Given that this paper mainly studies the impact of energy development on urbanization in Central Asia, we introduce only the related elements of energy development into the urbanization model and establish the following PSTR model of the urbanization and energy development in Central Asia:
where Urbanit denotes the explained variable evaluated by the comprehensive urbanization score in the ith country and tth year in Central Asia, and EDit represents energy development, which is both explanatory variable and a threshold variable. To simplify energy development and make it more specific, we study it from the viewpoint of energy development scale, energy trade, energy endowment, and energy consumption. Therefore, the formula (9) can be divided into four cases, in which the explained variable Urbanit varies with respect to (a) energy development scale, (b) energy trade, (c) energy consumption, and (d) energy endowment, respectively.
It is necessary to test for nonlinearity, remaining nonlinearity, and the number of thresholds before estimating with the PSTR method. The testing procedure works for nonlinearity and remaining nonlinearity as follows. First, test a linear model (r = 0) against a model with one threshold (r = 1). One of the most commonly used tests is the LMf statistics of autocorrelation test (González et al., 2005). If the null hypothesis (H0: r = 0) is rejected, this indicates that there exists a nonlinear relationship among variables, and further tests are needed to test for remaining nonlinearity, i.e., for whether there exists a unique transition function (H0: r = 1) or at least two transition functions (H1: r = 2). If the null hypothesis (H0: r = 1) is again rejected, then a further test for the existence of three or more transformation functions is performed. First, the null hypothesis H0: r = r* (r* > 3) and its alternative hypothesis H1: r* + 1 are tested. This procedure is continued to determine the number of transition functions until the hypothesis of no additional threshold is not rejected (Fouquau et al., 2008). The number of thresholds is further tested according to Akaike information criterion (AIC) and Bayesian information criterion (BIC). The model with the minimum AIC and BIC values is selected, since the smaller these values, the better is the fitting effect of the model.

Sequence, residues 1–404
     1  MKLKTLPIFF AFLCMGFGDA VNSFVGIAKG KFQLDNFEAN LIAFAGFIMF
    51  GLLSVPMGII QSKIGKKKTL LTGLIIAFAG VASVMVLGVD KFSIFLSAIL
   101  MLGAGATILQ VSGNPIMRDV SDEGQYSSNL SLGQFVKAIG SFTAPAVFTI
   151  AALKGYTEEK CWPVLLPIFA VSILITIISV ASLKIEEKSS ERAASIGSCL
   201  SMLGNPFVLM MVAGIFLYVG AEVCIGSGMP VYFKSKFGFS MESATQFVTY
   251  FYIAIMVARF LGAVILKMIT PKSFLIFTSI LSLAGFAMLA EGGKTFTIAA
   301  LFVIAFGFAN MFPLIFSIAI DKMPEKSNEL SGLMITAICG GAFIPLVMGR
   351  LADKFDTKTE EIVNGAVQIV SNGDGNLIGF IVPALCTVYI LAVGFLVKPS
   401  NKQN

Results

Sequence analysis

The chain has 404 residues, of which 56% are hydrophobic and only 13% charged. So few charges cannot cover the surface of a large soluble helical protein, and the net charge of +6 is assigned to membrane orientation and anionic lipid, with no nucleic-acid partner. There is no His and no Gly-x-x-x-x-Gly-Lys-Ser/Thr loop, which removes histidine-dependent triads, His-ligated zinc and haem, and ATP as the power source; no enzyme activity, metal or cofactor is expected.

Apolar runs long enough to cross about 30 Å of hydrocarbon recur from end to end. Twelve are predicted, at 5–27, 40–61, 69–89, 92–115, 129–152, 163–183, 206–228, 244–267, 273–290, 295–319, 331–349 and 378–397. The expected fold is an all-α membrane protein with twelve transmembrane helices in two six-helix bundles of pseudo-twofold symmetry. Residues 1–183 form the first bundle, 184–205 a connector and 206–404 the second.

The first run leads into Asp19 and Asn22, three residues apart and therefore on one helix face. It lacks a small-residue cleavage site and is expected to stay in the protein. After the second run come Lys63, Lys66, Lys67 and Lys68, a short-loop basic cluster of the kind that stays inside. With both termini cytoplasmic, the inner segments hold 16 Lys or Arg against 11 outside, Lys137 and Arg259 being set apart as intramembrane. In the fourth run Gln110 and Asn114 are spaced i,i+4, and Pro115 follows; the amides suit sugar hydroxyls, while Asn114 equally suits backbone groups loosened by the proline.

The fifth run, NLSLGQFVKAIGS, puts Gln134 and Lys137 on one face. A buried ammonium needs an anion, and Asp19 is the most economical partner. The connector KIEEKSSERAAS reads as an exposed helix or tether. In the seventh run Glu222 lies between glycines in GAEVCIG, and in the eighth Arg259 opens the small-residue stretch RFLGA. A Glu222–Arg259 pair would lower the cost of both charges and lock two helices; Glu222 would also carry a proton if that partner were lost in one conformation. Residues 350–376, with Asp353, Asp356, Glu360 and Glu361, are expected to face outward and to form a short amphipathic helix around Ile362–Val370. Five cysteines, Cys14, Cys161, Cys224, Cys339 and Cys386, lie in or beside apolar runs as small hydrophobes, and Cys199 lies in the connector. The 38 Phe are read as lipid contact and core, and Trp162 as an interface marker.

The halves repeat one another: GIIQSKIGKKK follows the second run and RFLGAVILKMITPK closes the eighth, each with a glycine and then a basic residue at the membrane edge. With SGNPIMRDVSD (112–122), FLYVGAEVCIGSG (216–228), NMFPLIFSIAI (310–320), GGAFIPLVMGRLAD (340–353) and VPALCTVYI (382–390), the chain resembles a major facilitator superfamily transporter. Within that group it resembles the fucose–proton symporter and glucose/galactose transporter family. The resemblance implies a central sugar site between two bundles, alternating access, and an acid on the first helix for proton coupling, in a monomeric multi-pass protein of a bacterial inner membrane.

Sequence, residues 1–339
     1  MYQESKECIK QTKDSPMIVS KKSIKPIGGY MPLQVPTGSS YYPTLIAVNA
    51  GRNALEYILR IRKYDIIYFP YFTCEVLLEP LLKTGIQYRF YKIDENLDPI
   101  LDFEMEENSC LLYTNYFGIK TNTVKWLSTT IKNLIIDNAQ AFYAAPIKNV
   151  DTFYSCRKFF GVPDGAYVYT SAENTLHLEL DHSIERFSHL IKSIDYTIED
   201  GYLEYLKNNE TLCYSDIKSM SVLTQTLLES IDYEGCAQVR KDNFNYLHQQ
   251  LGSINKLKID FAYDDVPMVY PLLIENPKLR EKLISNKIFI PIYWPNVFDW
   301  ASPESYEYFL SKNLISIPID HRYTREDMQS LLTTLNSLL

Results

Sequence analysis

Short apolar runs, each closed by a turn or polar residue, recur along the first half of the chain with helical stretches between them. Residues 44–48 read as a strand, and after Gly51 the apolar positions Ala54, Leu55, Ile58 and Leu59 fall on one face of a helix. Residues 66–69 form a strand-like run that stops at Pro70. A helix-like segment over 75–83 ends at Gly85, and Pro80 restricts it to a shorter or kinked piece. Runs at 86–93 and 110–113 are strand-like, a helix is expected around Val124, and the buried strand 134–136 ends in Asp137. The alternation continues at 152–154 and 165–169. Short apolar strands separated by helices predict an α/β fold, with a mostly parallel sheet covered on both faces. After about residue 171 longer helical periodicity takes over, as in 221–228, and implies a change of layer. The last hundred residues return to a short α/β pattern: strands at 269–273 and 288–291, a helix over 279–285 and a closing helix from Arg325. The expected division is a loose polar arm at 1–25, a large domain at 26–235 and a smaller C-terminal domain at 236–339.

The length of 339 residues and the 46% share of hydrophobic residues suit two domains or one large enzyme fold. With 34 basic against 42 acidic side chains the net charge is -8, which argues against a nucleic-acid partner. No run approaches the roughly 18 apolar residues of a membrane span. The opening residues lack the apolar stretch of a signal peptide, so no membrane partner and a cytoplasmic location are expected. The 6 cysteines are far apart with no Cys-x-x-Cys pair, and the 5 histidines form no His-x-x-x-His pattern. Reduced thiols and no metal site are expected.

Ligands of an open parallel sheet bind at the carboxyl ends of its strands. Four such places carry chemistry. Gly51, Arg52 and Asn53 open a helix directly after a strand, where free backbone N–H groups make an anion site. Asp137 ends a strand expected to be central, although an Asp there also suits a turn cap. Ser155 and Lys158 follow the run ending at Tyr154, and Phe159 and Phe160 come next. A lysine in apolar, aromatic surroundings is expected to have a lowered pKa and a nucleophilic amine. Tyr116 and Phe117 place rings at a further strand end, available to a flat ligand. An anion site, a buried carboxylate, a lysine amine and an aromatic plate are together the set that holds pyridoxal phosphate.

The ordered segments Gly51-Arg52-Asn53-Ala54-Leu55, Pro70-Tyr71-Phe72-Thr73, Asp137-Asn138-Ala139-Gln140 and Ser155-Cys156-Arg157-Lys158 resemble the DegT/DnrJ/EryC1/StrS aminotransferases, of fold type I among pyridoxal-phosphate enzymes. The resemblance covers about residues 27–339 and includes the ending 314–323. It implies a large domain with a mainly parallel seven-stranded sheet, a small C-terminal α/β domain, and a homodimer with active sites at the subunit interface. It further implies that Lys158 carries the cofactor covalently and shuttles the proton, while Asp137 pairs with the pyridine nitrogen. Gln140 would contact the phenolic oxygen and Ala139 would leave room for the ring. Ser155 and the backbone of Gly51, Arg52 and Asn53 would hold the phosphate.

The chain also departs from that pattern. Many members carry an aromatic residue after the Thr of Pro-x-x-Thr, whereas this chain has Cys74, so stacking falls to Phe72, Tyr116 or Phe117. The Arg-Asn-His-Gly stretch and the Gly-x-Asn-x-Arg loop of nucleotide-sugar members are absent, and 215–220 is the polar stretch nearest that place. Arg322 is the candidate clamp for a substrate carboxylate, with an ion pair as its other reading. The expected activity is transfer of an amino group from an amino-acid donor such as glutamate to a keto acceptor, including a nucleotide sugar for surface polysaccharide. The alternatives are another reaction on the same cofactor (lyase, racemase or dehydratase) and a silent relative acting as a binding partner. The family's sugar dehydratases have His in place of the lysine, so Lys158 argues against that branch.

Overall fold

2.3 Data

This study considers five country-level administrative units in Central Asia and investigates the impact of energy development on Central Asia’s urbanization. The socio-economic data used in this study come mainly from World Development Indicators (WDI, 2019) published by the World Bank, and the energy-related data are mainly from World Energy Balances published by the International Energy Agency (IEA, 2019). Given that the Central Asian countries only became independent after the dissolution of the Soviet Union in 1991 and that energy-related data from IEA has only been updated so far to 2016, we employ Central Asia’s energy-economy-society related data between 1992 and 2016.
Specifically, the explanatory and threshold variable ED is concerned in the PSTR model, the data on energy production, on the sum of total energy imports and exports, on energy production divided by total primary energy supply, and on total energy final consumption per capita from IEA are expressed as the energy development scale (ES), energy trade (ET), energy endowment (EE), and energy consumption (EC), respectively. These data are shown in Figure 3.
Figure 3 Statistical box chart of data

3 Results and discussion

3.1 Urbanization in Central Asia